While Square Enix seems to think that Amano’s sketches translate well into blocky DS 3D, Toriyama’s have been kept in 2D for the characters and monsters in the Dragon Quest remakes. The background is rendered in 3D with a static viewpoint similar to the Pokémon DS games; although the graphics here are technically 3D, they look almost 2D due to the nearly vertical, top-down angle of the camera. The camera can be rotated in towns, but doing so feels unnatural. Overall, the game looks good. Nothing is visually unpleasing in any way, however nothing will blow the player away either. It feels very safe, and sometimes safe is fine. The sound fares similarly. There is no voice acting, and while the musical score is good, the game suffers from mostly playing the same few songs over and over, and they sound like the same songs heard in all of the recent Dragon Quest titles. Piped through the puny DS speakers, it will make owners of an orchestrated Dragon Quest soundtrack CD want to mute the game and turn on the stereo. The localization itself is fine, although the script is far from wordy. As has become a norm in the series, people inexplicably have various real-world accents, varying from distracting to humorous. There are puns all over the place to add a bit of silliness, and an important decision around the midway point affects the script for the rest of the game.

Leading a monster train into a golden palace?

There are limits to where tradition is great, tradition is acceptable, and tradition needed to change six iterations ago. The horrible interface in Dragon Quest V is where the poosnake hits the airship turbines. Saving is a small disaster. The game cannot be saved in dungeons and some of the dungeons are quite lengthy. Enemy encounters occur every four or five steps, so there is no such thing as hastily exiting a dungeon to save the game. Permanent saves can only be made at churches, which are rarely convenient to get to, although a temporary save can be made on the overworld. Taking any action outside of battle requires the player to scroll through an extra screen or two of text. Moving equipment between characters causes long-lasting nightmares. Even in battle, a text window pops up for every action, getting ridiculous when a spell or ability heals all eight allies. Party member A is healed! Party member B is healed! Party member C is healed! Party member D is healed! Party member E is healed! Party member F is healed! Party member G is healed! Party member H is healed! Looking at that multiple times per battle is infuriating. Characters are revived at churches, again displaying multiple chunks of text, and only one character can be revived at a time. A total lack of MP restoratives forces the player to rely on reusable items for spell effects toward the end of the game rather than allowing the interesting, late game spells and abilities to be utilized. Certain plot points force the Hero to literally talk to every person in a town to move forward, and toward the end the Hero is expected to revisit every single town in the game.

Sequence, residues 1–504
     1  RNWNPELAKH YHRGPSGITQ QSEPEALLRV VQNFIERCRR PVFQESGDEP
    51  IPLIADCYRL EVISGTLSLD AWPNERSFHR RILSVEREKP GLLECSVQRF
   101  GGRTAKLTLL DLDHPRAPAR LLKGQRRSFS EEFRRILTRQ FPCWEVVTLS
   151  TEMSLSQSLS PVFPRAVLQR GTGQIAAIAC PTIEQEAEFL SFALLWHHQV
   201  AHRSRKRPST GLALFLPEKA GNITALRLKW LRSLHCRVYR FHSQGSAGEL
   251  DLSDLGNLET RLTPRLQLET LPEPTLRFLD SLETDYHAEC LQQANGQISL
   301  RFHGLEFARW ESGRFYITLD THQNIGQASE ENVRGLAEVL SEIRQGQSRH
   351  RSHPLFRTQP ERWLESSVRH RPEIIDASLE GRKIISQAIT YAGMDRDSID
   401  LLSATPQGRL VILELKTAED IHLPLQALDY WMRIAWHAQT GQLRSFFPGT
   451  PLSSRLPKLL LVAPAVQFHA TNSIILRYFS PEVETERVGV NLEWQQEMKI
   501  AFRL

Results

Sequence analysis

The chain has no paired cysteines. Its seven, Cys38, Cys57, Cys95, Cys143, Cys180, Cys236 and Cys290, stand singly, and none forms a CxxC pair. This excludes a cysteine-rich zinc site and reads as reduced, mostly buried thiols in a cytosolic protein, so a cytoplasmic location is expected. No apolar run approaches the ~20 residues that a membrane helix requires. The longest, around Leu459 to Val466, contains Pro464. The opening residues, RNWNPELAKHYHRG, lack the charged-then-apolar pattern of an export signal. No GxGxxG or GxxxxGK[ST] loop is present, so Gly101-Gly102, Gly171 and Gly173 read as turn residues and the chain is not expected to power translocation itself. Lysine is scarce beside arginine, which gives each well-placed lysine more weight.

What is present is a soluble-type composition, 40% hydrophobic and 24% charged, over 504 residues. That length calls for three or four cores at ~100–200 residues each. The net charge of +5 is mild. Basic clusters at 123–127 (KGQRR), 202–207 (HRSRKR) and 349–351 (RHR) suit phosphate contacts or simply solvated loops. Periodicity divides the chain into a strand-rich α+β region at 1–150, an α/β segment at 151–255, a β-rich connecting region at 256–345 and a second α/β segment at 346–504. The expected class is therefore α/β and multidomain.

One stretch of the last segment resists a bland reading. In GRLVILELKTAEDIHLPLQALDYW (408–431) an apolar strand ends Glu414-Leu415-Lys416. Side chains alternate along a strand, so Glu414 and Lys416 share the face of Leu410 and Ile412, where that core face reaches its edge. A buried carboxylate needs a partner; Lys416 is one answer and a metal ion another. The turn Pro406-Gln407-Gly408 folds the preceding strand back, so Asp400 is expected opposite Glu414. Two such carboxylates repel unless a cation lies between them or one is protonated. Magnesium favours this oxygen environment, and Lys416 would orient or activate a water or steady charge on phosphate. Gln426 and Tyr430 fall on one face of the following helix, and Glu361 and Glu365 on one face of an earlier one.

This is Dragon Quest. Love it or hate it, you know exactly what you are getting. There are a few things done unusually well in this specific title, namely a story the player should actually care about, an even and consistent pace that was missing in Dragon Quest IV, less need to level grind, a party-forming mechanic that gives the player several diverse options to consider, and an overall experience that develops and changes over the course of the game, flowing naturally with the plot and maintaining a fresh feel for the battle system. When the Hero is a child, he is basically on his own. In young adulthood his companions are monster pals. In full adulthood, he is surrounded by the friends, family, and pets the game has spent over twenty hours endearing the player toward. It makes this one of the most complete, satisfying, and replayable Dragon Quests available. Dragon Quest IV and V are considered part of a trilogy because they take place in the same world, but no knowledge of IV is required to understand and enjoy V. Anyone who does not have an abject hatred of traditional JRPGs should give it a whirl. Now, if only Square Enix would upgrade the lousy interface.

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'Good' -- 3.5/5
20-40 HOURS

Endearing characters and pet monsters

Solid, consistent pace

Gameplay doesn't get stale

Lack of direction at times

Terrible, dated interface problems